Only when an entire testicle is thoroughly examined, it can be said that the maximal amount effort was put into finding sperm through the surgical option. The state of sperm production in a man could be non-homogenous in terms of the place of occurrence – could be functional in only one of the two testicles, and even in the sperm-producing testicle, production could occur in only a portion of the seminiferous tubules. In a micro-TESE surgery, where tissue samples are extracted from both testicles, the possibility of missing sperm-producing regions in the testicles is almost completely avoided.
Senior embryologists who participate in sperm searches in tissue taken during a micro-TESE surgery can tell of cases where some samples do not contain any sperm cells at all, while others contain a large amount of sperm cells. Especially in patients whose azoospermia was determined to have a genetic background (Y-chromosome deletions or Klinefelter syndrome), surgeons agree (even those that perform regular TESE) that the percent of surgeries resulting in successfully extracted sperm cells is higher when micro-TESE is employed. In fact, doctors are able to find sperm approximately 60 percent of the time during micro-TESE procedures (also known as the sperm retrieval rate, or SRR). This is in comparison to studies that have found that TESE surgeries can have an acceptable SRR, depending on the number of samples extracted from the testicles (one: 44.5%; two: 51.4%; three: 56.1%; four: 58.4%).
Every such surgery carries with it a concern over damage to the testicles, in terms of testosterone production and more. Damage can stem from several reasons:
. Tissue extraction - The tissue that is removed from the testicle during surgery is lost for good. Such tissue is where the testicles produce their testosterone, and having less of it means the testosterone production ‘factory’ has lost several pieces of machinery, perhaps permanently limiting testosterone production. When taking this possibility into account, micro-TESE has the advantage, seeing as only a small amount of tissue is removed of the testicle, far less than in a regular TESE surgery (generally, a difference of approximately 50% in the amount of tissue removed can be observed).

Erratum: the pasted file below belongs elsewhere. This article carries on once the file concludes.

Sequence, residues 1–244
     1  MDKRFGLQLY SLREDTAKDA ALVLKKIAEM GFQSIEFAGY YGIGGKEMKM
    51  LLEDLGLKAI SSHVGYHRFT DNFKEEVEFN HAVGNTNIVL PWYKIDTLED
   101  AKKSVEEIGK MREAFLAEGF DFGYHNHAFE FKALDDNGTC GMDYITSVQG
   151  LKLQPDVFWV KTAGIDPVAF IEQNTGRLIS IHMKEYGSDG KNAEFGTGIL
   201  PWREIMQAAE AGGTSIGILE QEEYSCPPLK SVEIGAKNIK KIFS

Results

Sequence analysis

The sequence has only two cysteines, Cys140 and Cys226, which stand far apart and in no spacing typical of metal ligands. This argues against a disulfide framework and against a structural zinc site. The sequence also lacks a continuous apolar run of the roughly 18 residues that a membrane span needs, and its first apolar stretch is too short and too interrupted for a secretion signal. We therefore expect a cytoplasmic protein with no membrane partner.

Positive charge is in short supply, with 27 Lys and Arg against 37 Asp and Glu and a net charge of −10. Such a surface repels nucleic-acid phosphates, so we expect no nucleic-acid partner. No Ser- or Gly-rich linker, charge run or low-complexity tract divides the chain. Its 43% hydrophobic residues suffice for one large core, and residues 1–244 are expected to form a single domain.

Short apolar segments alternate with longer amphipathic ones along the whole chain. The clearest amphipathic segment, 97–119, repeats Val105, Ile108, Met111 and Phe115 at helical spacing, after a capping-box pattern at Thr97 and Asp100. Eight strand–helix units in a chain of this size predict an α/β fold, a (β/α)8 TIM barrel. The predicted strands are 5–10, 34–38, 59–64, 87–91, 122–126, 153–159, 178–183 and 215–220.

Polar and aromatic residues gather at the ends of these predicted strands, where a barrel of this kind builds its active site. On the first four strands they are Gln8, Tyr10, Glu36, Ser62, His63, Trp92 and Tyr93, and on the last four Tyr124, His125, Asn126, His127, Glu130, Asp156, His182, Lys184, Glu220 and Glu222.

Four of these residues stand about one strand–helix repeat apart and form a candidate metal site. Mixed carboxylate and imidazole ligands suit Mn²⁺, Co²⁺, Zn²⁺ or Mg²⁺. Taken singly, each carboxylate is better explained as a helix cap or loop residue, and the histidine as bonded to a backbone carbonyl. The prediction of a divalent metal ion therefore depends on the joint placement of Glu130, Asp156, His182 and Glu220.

. Blood vessels - The testicle contains a large number of blood vessels that feed the different tissues, and when these are compromised, the tissue will undergo necrosis, losing its ability to produce sperm cells and testosterone. These blood vessels are not visible to the naked eye, and a microscope is required in order to detect them. When dealing with the testicles of an azoospermic individual, it is crucial to minimize the amount of damage caused by the surgery, which could further reduce the already low sperm production.
In a micro-TESE surgery, the surgeon inspects the sample he is removing under a microscope, making sure that he is not damaging the blood vessels that surround the tissue during the removal process. Except for being able to pay attention to the integrity of blood vessels, this is a necessity because blood could obstruct his field of view and prevent him from carefully examining and selecting the most suitable tissue for removal. In a regular TESE surgery, where a microscope is not used (a magnifying loop can be used), the surgeon cannot identify blood vessels in the area he is operating on, and thus be able to avoid damaging them.